Do Social Institutions Soften the Blow of Family Dissolution? A Comparison of Family Structure Effects in Sweden and the United States
Donna K. Ginther, University of Kansas
It is well known that children reared in non-intact families on average have less favorable educational outcomes than children reared in two-parent families. Evidence from Sweden and the United States indicates that living in a non-intact family is correlated with lower educational attainment. In this paper we compare the relationships between family structure and children's outcomes in terms of educational attainment and earnings using data from Sweden and the United States. Comparing Sweden and the United States is interesting because both family structure and family policy environments in the two countries differ significantly. We find the associations between family structure and children's outcomes to be remarkable similar in the U.S. and Sweden even though the policy and social environments differ. Our results suggest that the true effect of family structure is more complex than the biological relationship of parents to children in both Sweden and the United States.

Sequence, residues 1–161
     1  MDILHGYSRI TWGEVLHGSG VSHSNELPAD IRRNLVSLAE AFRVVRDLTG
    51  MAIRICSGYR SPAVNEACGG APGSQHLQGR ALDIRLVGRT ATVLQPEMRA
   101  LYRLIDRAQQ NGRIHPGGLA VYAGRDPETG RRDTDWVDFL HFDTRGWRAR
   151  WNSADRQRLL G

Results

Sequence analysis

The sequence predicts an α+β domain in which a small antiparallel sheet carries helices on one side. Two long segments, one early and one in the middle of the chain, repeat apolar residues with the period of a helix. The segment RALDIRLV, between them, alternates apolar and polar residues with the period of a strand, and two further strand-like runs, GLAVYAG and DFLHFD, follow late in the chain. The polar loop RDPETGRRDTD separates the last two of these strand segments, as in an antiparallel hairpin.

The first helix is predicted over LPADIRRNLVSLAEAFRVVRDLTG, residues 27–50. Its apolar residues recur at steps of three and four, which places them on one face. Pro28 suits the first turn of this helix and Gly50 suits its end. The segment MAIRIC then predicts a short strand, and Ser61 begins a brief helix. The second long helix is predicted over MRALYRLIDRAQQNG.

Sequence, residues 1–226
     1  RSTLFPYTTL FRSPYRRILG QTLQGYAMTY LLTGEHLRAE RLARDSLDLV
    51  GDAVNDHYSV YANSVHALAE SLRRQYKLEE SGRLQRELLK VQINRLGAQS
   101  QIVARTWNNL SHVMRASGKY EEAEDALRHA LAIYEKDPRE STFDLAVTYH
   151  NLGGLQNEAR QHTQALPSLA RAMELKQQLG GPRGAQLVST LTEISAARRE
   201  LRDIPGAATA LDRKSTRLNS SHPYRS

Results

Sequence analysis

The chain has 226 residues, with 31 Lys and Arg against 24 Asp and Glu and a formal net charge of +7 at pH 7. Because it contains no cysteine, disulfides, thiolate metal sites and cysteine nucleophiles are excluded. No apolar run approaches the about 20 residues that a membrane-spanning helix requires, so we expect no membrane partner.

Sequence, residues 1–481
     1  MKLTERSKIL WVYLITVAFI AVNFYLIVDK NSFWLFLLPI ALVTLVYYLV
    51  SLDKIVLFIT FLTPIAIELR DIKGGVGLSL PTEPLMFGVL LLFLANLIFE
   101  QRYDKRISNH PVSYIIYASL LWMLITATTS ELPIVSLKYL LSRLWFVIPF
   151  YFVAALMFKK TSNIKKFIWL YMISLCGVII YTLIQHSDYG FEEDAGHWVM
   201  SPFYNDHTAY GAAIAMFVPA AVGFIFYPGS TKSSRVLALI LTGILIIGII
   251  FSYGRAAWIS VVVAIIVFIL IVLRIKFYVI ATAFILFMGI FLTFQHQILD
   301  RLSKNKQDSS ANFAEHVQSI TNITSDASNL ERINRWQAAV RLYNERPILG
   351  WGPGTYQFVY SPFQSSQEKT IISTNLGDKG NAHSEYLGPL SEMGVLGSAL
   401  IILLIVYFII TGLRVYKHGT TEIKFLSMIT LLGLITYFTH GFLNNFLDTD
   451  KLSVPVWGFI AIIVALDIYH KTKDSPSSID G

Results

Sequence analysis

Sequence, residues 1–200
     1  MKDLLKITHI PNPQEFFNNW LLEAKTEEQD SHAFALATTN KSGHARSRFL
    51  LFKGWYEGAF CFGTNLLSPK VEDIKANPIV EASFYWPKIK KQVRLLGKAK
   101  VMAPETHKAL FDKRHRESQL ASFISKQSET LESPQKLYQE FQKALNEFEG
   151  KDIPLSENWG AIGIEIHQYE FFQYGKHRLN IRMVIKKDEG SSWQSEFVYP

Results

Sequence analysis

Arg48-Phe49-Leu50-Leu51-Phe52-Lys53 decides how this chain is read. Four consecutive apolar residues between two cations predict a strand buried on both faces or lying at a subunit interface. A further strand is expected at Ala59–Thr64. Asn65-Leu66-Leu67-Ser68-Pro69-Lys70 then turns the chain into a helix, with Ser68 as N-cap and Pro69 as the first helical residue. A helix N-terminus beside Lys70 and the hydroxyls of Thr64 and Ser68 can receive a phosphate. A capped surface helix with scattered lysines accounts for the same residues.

Presented in Session 136: International Perspectives on the Effects of Family Structure